This may well be the most happening yuletide I’ve ever had. My marriage on December 7th tops the list of highlights this season, naturally, followed by the impending arrival of my youngest sis, Deidre, and my errant brother, Bob, next week. This will be the first time in ten years that all four siblings will be here in Michigan, in the same room, celebrating together on Christmas Eve. Absent for the third Christmas will be my father, who died in March, 2008. But mom is still alive and well, and that makes five of us, all of whom are, individually and collectively, happier than we have been in decades. Not bad.
Such joyous declarations could be enough, and maybe should be enough to report during such blissful times. If this essay were, say, more along the lines of a Hallmark Channel movie, I would add some soothing background music, a gauze filter, Roma Downey in an ermine collar and wicked fine backlighting, and call it good. Roll credits, fade out, enjoy a lingering glow of peace and goodwill toward humankind.
But we inevitably waken in a chokehold of grief or avarice. We still want what we don’t have and we just can’t seem to help it. Whether it is something we once had and then lost, like a loved one, or have never had and covet with every fiber of our fake pine-scented Noel being.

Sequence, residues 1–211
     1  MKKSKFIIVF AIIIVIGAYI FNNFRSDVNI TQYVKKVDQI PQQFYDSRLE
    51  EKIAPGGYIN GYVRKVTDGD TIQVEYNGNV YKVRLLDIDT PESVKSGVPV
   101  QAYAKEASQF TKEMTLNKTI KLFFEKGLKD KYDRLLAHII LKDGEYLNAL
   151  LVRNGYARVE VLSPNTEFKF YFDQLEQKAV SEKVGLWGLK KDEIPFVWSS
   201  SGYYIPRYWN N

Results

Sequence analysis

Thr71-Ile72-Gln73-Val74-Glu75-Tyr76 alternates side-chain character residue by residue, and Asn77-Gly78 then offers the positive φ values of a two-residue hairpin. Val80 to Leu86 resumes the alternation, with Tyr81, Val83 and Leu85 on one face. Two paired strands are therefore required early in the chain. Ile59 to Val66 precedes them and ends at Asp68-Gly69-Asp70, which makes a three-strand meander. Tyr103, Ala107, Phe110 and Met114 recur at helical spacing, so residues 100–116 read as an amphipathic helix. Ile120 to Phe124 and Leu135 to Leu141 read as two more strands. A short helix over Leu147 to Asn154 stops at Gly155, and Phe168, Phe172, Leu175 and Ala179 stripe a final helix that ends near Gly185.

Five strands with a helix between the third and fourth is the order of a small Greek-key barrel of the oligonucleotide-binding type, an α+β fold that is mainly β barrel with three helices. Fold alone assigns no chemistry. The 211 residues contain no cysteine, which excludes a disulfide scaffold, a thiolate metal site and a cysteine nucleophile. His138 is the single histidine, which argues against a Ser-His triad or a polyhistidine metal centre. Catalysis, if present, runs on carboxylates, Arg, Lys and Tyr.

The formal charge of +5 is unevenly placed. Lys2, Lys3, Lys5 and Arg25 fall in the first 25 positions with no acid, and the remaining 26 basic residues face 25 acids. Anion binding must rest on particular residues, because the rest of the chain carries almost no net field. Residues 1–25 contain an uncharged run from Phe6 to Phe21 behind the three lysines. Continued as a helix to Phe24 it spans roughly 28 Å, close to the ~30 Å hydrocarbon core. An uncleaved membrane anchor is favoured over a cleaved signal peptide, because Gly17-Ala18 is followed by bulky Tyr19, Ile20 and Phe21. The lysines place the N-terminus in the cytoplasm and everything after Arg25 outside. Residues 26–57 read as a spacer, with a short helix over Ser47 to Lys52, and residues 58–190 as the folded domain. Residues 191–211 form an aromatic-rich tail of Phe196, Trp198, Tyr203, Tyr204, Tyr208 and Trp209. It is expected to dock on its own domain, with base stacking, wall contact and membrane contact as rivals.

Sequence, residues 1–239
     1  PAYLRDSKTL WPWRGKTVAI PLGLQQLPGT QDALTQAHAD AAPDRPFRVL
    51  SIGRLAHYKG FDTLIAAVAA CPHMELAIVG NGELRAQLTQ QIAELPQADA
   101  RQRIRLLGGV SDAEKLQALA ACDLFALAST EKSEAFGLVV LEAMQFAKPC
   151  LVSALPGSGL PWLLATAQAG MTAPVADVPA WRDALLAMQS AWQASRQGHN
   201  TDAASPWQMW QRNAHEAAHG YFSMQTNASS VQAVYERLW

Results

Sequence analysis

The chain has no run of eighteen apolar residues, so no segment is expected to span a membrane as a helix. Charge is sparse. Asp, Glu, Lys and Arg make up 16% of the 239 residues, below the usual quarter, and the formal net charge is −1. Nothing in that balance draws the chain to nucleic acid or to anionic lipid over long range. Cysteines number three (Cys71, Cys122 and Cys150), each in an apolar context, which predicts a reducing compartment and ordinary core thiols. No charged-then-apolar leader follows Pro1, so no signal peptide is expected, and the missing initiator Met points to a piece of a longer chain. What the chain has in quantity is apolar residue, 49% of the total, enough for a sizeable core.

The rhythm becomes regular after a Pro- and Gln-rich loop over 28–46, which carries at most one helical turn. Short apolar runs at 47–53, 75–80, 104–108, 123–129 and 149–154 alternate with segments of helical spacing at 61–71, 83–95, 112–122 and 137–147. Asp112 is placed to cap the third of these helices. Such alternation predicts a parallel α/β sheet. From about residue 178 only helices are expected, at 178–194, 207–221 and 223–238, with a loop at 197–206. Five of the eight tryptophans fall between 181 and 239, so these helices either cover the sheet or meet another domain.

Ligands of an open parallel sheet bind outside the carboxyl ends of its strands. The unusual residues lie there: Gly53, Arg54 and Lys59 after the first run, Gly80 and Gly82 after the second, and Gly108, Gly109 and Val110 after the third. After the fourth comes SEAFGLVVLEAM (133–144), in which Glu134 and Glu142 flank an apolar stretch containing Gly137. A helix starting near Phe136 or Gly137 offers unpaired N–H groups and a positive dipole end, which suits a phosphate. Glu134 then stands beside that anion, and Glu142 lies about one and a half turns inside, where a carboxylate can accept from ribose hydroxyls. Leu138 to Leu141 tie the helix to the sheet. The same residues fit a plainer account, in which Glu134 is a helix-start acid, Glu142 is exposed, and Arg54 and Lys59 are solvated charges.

For example, shortly after Mark and I married, my best friend, Elvina, and my mother, both of whom have been single for many, many years, called me in tears, lamenting their single status in a sudden relapse of loneliness and regret. “I want what you have,” they each told me almost verbatim, “I haven’t felt this lonely in a long while.” At first it seemed odd since Mark and I have lived together for four years, the marriage being a mere formality. It isn’t as though I was single and unattached like they are and then presto, I’m engaged. But, the short engagement had indeed made me blab to them about my hunt for a diamond ring, and I did spend hours flashing it and bespeaking its virtues, especially the sixty percent discount I got at J.C. Penney.
Maybe it’s my fault, I don’t know. It was my very first diamond, and there aren’t many firsts left at my ripe old age of fifty-three. I was excited, naturally, and wanted to share it with my loved ones. One thing I do know for sure is that this first diamond has opened up a whole new sparkly world to me, full of G color and VS-1 clarity ratings. Is there something about that XX chromosome that intuits at first blush that 1) diamonds are shiny and pretty, and 2) bigger diamonds are even shinier and prettier?
On December 14th, Mark planted a quick kiss on my lips and said “Happy Anniversary, honey, we’ve been married one week today!”
“Right,” I say, “can I get my anniversary diamond upgrade now?” I have rated my wedding ring diamonds at a dismal I-J color and I3 clarity. Industrial diamond merchants, I have read online, wouldn’t even buy my stones.
“No,” he stated, and walked away.
“But I want a better diamond,” I call after him.
“It’s good to know what you want,” he responds, beaming at me with that I-adore-you-when-you’re-like-this grin.
“My dad used to say that to me when I was a kid,” I shoot back. Mark reminds me a lot of my father, one big reason why I love him. And one big reason why I loved dad was that he never shamed me for my avarice.
“It’s good to know what you want,” he would say when I’d whine about the candy or the doll. “How could you get through life without knowing what you want?”
I want, therefore I thrive. Smart guy, my dad.